12.23.2011

mayan ruins in georgia are "wild and unsubstantiated guess" that "no archaeologists will defend"

Have you heard that 1,100-year-old Maya ruins have been uncovered in the US state of Georgia? Did it seem a bit hard to believe? There's a reason for that.

If you haven't heard this, try Googling "Mayan ruins found in Georgia". You will find copious blogs, forums and tweets, all agog at this unlikely revelation.

Reading and re-reading the original article posted on Examiner.com, I thought the evidence seemed a bit thin, to put it mildly. Things like this:
the earliest maps show the name Itsate... Itsate is what the Itza Mayas called themselves
make little sense. Itza is a Maya language, now almost entirely extinct. A soundalike word on a map written in English is not evidence of anything. Another tidbit:
Also, among all indigenous peoples of the Americas, only the Itza Mayas and the ancestors of the Creek Indians in Georgia built five-side earthen pyramids as their principal mounds. It was commonplace for the Itza Maya to sculpt a hill into a pentagonal mound. There are dozens of such structures in Central America.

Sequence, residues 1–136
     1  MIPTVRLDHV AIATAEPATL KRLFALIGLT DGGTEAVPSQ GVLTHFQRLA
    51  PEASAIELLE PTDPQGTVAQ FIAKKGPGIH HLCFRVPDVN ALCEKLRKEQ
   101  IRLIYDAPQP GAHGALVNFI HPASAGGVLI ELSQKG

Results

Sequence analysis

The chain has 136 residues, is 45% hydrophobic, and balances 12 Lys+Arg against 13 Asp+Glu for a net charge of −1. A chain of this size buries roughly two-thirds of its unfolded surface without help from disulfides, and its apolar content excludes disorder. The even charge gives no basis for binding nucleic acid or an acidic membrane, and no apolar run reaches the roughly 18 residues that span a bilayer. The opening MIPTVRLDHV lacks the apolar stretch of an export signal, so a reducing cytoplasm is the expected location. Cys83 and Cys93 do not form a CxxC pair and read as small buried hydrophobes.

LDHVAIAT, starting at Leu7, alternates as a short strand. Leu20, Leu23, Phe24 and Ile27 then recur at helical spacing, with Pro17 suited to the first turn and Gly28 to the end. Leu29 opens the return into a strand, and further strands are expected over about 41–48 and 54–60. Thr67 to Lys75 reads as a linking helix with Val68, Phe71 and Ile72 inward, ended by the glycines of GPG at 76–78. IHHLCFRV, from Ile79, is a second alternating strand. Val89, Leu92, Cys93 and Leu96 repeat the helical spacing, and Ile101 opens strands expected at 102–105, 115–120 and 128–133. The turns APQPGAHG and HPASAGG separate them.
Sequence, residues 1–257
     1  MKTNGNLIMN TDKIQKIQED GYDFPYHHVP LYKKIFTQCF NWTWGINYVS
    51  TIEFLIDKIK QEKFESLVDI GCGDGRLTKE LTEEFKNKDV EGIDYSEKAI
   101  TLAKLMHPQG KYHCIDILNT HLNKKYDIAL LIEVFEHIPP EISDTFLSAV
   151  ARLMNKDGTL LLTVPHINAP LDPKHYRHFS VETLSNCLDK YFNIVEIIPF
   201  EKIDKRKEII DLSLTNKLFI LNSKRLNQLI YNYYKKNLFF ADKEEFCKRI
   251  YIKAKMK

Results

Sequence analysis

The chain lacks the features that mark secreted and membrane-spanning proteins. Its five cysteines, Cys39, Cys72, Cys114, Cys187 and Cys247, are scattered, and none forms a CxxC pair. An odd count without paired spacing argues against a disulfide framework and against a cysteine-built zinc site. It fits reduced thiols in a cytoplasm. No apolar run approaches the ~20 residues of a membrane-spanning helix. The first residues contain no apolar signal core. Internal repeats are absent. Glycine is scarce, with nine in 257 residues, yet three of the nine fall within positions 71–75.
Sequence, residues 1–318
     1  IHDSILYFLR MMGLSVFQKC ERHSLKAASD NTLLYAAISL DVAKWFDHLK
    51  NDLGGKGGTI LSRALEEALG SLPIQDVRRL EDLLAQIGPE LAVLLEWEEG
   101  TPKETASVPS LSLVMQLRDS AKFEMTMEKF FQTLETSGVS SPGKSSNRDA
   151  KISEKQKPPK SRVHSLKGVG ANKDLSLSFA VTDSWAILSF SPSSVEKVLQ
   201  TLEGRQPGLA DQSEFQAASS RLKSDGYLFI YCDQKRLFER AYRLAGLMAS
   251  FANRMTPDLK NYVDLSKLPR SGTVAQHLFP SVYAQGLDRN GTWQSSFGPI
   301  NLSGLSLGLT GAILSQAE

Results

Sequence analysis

I don't know if the Creek and the Maya were the only people to construct pentagonal structures. But if both of those peoples did build five-sided structures, and the Creek lived in Georgia, and pentagonal earthen structures are found in Georgia, does that then point to the Maya? (I have brown eyes. African people have brown eyes. I must be African!)

Not a single archaeological journal or website, or a single science reporter for any news organization, has reported on this, to my knowledge. But I did find this:
According to the report, picked up from a fly-by-night Web pub called the Examiner, a small group of archeologists led by University of Georgia scholar Mark Williams discovered the 1,100-year-old city “on the southeast side of Brasstown Bald in the Nacoochee Valley.” Only, the report “is not true,” according to Williams, reached by email. “I have been driven crazy by this.”